Since the fellowship program’s inauguration in 1990, the Center has supported the research of more than 900 scholars through fellowship awards. In conjunction with the program’s 25th anniversary, the Center seeks to raise $25,000 to establish a Fellowship Anniversary Endowment to support the growth of the fellowship program and the next generation of humanities scholars.
Related content:

Read articles by and about Ransom Center fellows 


Ransom Center Fellows on Fellowships: Video Interviews

 

Image: Attributed to Tsukioka Yoshitoshi, [Geisha having her photograph taken], not dated, color woodblock; Alfred Junge, scene conception for The Barretts of Wimpole Street, 1956; Fred Fehl, still featuring Sara Yarborough from a production of Cry, 1974; Clement Smith & Co., Hercat’s New and Startling Illusion, 1888; Julia Margaret Cameron, [May Prinsep], 1870, albumen print.

 

 

Director draws upon Tennessee Williams collection for UT production of “A Streetcar Named Desire”

By Alicia Dietrich

A production of Tennessee Williams’s iconic play A Streetcar Named Desire opened on campus last week, and director Jess Hutchinson delved into the Tennessee Williams collection at the Ransom Center to guide some of her work on the play.

 

Set in New Orleans, William’s Pulitzer Prize–winning classic centers around fading Southern belle Blanche DuBois as she seeks refuge in her sister’s home, only to clash with her brother-in-law, Stanley Kowalski.

 

Hutchinson, a third-year MFA Directing candidate at The University of Texas at Austin, was especially interested in digging deeper into the ending of the play, and in the Williams collection, she found multiple drafts of endings that were quite different from the published version.

 

“Williams tried on different ways to end Blanche’s story and handle her departure,” said Hutchinson, noting one discarded draft included Blanche being forced into a straightjacket. “And he chose this very specific, relatively controlled exit. That tells me a lot about what that moment is for her, how to stage it, how to think about where she is mentally and emotionally at the end of the play.”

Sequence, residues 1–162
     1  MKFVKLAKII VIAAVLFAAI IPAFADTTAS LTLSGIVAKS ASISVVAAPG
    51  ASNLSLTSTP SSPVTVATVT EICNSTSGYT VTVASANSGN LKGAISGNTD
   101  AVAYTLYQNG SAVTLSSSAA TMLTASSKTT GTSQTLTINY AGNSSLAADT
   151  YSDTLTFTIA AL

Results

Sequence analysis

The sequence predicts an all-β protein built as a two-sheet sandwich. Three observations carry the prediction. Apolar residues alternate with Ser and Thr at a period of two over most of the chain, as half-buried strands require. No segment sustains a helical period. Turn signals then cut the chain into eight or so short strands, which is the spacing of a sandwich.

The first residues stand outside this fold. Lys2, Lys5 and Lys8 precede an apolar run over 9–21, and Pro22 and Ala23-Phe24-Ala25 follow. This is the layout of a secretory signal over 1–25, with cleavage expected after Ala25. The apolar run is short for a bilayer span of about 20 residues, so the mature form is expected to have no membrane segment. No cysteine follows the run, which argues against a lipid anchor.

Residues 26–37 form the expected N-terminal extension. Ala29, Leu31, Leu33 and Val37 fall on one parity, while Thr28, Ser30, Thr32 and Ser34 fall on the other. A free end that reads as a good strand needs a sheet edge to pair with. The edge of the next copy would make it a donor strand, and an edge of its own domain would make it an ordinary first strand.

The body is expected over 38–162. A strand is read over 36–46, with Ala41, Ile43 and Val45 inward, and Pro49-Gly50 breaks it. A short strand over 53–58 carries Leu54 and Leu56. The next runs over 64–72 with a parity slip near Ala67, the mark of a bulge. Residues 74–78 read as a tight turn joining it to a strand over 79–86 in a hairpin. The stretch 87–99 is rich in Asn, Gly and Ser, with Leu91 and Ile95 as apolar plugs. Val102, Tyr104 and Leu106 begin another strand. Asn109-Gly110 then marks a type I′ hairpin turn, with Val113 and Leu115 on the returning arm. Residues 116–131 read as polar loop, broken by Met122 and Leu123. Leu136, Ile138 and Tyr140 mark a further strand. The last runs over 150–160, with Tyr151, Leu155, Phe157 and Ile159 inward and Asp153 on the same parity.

Hutchinson worked with a group of undergraduate actors in the production, and exploring the drafts and ideas that Williams discarded helped guide how she and the actors approached the ending of the play.

 

“It focuses our range of choices in rehearsal,” said Hutchinson. “I feel that it would be disingenuous to the play for Blanche to be completely out of control at the end. She isn’t taken away in a straightjacket. In other drafts, she is. So that tells me Blanche still has some lucidity, that she retains the ability to make choices in that moment. The actress and I have looked for Blanche’s power in that scene, her control. Where can we see her consciously make decisions, and how do they fuel her departure with the doctor and matron? The actors and I have come to see that as a moment of recognition. Something in this doctor—this stranger—reaches a place in her that is whole and hasn’t been broken by this experience. And really, we got to complicate what some might write off as a moment of clear ‘insanity’ because I was able to see to see the other drafts that Williams tried first.”